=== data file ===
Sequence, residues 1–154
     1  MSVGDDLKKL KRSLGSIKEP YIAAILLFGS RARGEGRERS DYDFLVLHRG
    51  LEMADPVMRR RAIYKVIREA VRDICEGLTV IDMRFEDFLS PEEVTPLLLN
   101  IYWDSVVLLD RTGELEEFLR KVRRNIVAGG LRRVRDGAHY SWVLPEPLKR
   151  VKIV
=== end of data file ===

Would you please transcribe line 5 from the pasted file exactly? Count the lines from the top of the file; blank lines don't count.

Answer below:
   151  VKIV